at the Union Buildings in Pretoria
Australia won’t shy away from adopting the same kind of aggressive tactics that seemed to surprise England for their keenly anticipated series against South Africa that starts in 11 days’ time.
Australia captain Michael Clarke said yesterday that while relations between his side and the South African team were hunky-dory when it comes to what takes place on the field, matters will get feisty. “It’s never been part of our plan, to be honest,” was Clarke’s reply to a question about whether his team would continue with the aggressive approach they utilised in the recently completed Ashes series. It’s just the way the game turns out. It’s always competitive when you’re on the field, no matter who you’re up against. South Africa are always a tough challenge and it will be competitive on the field.”
Clarke was at the forefront of Australia’s growling approach that saw them get into the faces of Alastair Cook’s side Down Under.
The Australian captain was fined 20percent of his match fee in the first Test in Brisbane, when he told James Anderson to “get ready for a broken f***ing arm”, as Mitchell Johnson prepared to bowl in the latter stages of that match.
Throughout that series there were reports – mainly from the English – of an undercurrent of nastiness from the Australians, though it was noted that the players did get together after the Test in Sydney for a post-series beer.
Clarke says that will be very much the same this time around, noting that relations between the two teams is probably a lot better than Australia’s (or South Africa’s for that matter) with England.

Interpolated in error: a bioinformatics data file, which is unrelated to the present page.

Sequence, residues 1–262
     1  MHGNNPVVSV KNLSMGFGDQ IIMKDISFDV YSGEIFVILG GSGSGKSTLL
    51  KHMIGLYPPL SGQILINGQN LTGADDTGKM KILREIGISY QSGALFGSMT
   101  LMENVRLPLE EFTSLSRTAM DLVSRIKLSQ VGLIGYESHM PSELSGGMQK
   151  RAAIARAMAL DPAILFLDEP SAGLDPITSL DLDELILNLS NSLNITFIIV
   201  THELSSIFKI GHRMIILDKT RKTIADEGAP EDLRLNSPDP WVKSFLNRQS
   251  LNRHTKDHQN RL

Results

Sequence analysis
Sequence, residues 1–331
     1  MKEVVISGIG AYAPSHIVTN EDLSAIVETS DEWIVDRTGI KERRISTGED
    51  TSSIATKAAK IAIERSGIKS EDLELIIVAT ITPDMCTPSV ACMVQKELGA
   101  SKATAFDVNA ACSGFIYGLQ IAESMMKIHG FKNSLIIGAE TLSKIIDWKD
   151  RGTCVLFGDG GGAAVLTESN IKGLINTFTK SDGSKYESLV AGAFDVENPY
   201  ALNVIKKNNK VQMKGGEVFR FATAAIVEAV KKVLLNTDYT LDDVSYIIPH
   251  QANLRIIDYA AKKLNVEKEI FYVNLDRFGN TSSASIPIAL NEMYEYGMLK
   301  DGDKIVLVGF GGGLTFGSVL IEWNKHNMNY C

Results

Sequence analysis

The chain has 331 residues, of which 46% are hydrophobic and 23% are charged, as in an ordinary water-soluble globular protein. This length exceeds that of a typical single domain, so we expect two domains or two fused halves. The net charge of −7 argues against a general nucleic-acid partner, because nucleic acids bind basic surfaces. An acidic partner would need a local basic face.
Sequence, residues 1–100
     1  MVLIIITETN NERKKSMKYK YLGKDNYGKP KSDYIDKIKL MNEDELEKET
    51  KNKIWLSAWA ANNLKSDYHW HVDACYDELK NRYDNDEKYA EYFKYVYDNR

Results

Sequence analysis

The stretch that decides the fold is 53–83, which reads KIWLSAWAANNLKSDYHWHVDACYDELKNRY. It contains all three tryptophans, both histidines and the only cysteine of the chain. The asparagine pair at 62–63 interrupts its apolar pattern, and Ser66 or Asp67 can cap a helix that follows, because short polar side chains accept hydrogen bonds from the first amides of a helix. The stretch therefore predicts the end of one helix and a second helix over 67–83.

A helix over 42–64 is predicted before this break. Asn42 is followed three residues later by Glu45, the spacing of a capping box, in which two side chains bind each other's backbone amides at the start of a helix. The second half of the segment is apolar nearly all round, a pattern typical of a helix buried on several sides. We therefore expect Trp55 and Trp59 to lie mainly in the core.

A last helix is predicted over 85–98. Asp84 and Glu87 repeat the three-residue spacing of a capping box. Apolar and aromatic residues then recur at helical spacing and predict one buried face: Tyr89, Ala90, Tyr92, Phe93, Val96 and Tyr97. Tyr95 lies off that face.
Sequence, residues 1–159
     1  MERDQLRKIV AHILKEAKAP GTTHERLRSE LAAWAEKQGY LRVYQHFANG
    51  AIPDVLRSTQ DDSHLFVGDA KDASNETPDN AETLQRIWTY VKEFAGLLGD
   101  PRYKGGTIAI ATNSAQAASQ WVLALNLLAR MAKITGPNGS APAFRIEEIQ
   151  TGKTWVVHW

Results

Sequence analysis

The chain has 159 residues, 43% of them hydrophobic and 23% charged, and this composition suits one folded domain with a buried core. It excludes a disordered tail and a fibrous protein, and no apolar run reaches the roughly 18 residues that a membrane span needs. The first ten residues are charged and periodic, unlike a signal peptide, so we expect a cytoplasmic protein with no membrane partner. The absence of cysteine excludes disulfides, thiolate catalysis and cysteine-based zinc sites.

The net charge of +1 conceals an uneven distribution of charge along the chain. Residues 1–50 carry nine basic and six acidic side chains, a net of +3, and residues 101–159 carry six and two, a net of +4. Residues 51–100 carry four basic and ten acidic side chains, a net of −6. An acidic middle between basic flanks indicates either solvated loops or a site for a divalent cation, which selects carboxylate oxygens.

“I know Graeme (Smith) quite well, I know quite a few of the players, there is a lot of mutual respect between both teams. I think we will see a fantastic series, you’ll see some hard-fought cricket on the ground, but both teams get on very well off the field, you’ll see us and the South Africans get together after the game for a few quiet beers as well. Everyone understands there’s a line that you don’t cross, so we won’t be crossing that,” Clarke explained.
The build-up to this series has seen the Australians, cock-a-hoop after their success in the Ashes, have plenty to say for themselves; including Dave Warner claiming the South Africans “were on the back foot”, Peter Siddle and James Pattinson outline how Smith would be “targeted” and, of course, that theirs is the best bowling attack in the world.
Clarke reiterated that last point again yesterday. “Maybe I’m a little bit biased but I think this Australian attack is the best attack in the world. Statistically, the South African attack is unbelievable, and they love their own conditions, and have had a lot of success, so we know as a batting unit they will be extremely tough to face.”
Australia’s preparations were hit yesterday by the bad weather, which wreaked havoc not just in Gauteng but in parts of North West too.
The forecast for the next few days doesn’t look good either and Clarke and the Australian coaching staff are hoping that the weather will clear by the time they play a four-day warm-up game at Senwes Park from Wednesday.
The match won’t carry first class status, so the tourists will be using all their squad members, as they seek some answers about their starting XI ahead of the first Test at Centurion on the 12th of this month.
The main question surrounds a replacement at No 6 for George Bailey, who was dropped after the Ashes. Clarke outlined a number of options yesterday that included Alex Doolan, who is yet to be capped, and he also hinted at a move down the order for Shane Watson, whose displays at No 3 during the Ashes were inconsistent.
Meanwhile, the South African squad will gather in Johannesburg from Monday to start their preparations for the series, which will include a three-day match against an Invitation XI, to be made up of players from the three sides who don’t make the play-offs in the RamSlam T20 and extended squad members. - The Star